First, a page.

Provincial elections in Quebec are only days away!
Already, this has been one of the most notable campaign cycles in recent memory.
ALSO READ: Take this Quebec Election Quiz 2018 to inform your vote!
TL;DR The four main political parties in Quebec have each proposed a unique approach to improving public transit in the Montreal area. These maps depict what the transit future looks like to each party.
The issue of sovereignty has been largely off the table and leaders from the four leading parties in the province participated in the first-ever English-language debate.
Those four parties have also been vying for the attention of the electorate with some pretty cool policy and project proposals.
The issue that has perhaps most captivated residents of the Greater Montreal Area, however, is transit.
The current public transit system is woefully overburdened. It is for that reason that the political parties have unveiled some pretty impressive proposals for the expansion of the STM and commuter train systems.
Below, we've compiled proposed transit maps from each party, as well as a list of new notable features. It's unlikely that most of these plans will come to fruition, even if their authors are able to gain a majority in the National Assembly.
But it's nevertheless fun to imagine what Montreal's transit future could look like!
Parti Libéral du Québec
The parti libéral du Québec (PLQ) has perhaps the least ambitious plan for public transit in the Montreal area. Admittedly, they are in a difficult political position when it comes to transportation. Any huge plans the party unveils would be instantly met with suspicion since, as the party currently in power, it would have no excuse for not already initiating those projects.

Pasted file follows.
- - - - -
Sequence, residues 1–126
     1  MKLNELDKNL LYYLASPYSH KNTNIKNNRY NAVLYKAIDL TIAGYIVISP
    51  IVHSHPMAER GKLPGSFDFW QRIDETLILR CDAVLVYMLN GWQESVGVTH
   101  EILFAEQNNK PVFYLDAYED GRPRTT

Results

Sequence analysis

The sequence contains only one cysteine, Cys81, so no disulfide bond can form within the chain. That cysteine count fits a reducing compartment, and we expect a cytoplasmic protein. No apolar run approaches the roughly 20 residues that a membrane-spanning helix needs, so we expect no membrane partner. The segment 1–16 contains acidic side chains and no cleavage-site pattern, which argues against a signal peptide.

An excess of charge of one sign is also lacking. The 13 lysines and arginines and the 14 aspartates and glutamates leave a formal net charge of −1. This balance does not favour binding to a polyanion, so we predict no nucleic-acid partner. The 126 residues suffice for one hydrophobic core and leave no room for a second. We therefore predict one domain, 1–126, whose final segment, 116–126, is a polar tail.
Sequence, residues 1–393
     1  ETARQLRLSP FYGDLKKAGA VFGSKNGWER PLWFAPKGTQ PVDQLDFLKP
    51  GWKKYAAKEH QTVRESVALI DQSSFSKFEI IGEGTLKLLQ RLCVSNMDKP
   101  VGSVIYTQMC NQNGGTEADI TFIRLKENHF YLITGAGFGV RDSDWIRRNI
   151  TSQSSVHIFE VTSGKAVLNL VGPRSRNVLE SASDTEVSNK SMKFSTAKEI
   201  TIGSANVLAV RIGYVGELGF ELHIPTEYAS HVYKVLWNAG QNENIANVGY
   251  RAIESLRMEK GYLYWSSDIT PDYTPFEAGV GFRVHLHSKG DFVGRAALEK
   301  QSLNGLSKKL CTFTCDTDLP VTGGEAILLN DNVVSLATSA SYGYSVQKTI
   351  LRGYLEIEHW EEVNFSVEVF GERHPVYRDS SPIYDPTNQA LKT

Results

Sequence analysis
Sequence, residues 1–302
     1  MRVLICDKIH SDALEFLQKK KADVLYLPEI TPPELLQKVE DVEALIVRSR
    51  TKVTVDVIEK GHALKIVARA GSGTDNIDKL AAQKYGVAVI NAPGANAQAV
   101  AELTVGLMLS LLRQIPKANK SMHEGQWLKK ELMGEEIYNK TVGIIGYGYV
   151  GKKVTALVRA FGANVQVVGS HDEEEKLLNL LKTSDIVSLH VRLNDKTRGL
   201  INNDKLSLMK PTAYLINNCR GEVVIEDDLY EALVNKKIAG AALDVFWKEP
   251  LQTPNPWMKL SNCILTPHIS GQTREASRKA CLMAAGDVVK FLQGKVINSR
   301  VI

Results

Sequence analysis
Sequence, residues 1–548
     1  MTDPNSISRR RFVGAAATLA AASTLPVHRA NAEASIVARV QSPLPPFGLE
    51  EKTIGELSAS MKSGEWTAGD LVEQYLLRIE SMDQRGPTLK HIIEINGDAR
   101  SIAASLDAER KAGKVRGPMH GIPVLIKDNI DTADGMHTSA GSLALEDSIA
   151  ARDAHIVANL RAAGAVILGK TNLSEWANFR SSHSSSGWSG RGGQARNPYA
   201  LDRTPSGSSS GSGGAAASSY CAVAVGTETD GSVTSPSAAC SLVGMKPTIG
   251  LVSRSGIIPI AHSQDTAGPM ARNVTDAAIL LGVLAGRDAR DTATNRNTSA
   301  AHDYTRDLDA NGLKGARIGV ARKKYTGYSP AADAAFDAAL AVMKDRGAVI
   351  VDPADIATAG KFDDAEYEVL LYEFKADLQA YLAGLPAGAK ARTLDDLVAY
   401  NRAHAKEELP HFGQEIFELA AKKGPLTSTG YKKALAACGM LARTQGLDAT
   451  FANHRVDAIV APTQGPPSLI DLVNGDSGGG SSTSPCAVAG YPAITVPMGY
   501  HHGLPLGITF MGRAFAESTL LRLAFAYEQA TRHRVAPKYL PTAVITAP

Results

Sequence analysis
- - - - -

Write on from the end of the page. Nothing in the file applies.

This map is not from the PLQ, but well depicts the extent of the party's plans. Notable features include:
– STM Blue Line extension to Anjou
– completion of the light rail Réseau Express Métropolitain (REM), which would connect the South Shore, downtown, airport, and West Island
The PLQ has yet to commit to Montreal Mayor Valérie Plante's proposed STM Pink Line. Though, the government did fund a study to explore it as one of many transit expansion options.
The parti québécois has focused less on urban transit than on more broad regional transportation.
That's why in this plan:
– the REM is scrapped in favour of more commuter trains and bus routes
– an above-ground tram would run between the Old Port and downtown
– a "Pink Line" above-ground tram would run between downtown and the airport
– there's a possible extension of that tram to Montreal North, and another possible extension of the STM Blue Line to Anjou
Coalition Avenir Québec
The Coalition Avenir Québec (CAQ) was at first vehement in its rejection of the Pink Line but has since declared that it is amenable to the possibility of a "Pink" tram, much like that in the PQ plan.
The CAQ would also:
– extend the REM through much of Laval
– extend the Blue Line to Anjou
– construct a tram system that connects the downtown, Montreal North, and Montreal East
– construct a tram that covers much of the South Shore
Québec Solidaire (QS) has by far the most ambitious transit plan, which would include an extension of every STM metro line.
According to the QS plan:
– Plante's entire Pink Line from Montreal North to Lachine would be completed
– the Yellow Line would get an extention to McGill in the west and de Gentilly in the east
– the Green Line would get a one-station extension in the west to André-Laurendeau
– the Blue Line would extend to Anjou
– the Orange Line would get an extension from Côte-Vertu to Bois-Franc and possibly further
– a tram would connect Montreal East to the downtown
– another tram would connect much of the South Shore to the Yellow Line
– more commuter boats would run along the river, connecting the South Shore, Old Port, and Montreal East
– the REM would be completed in its entirety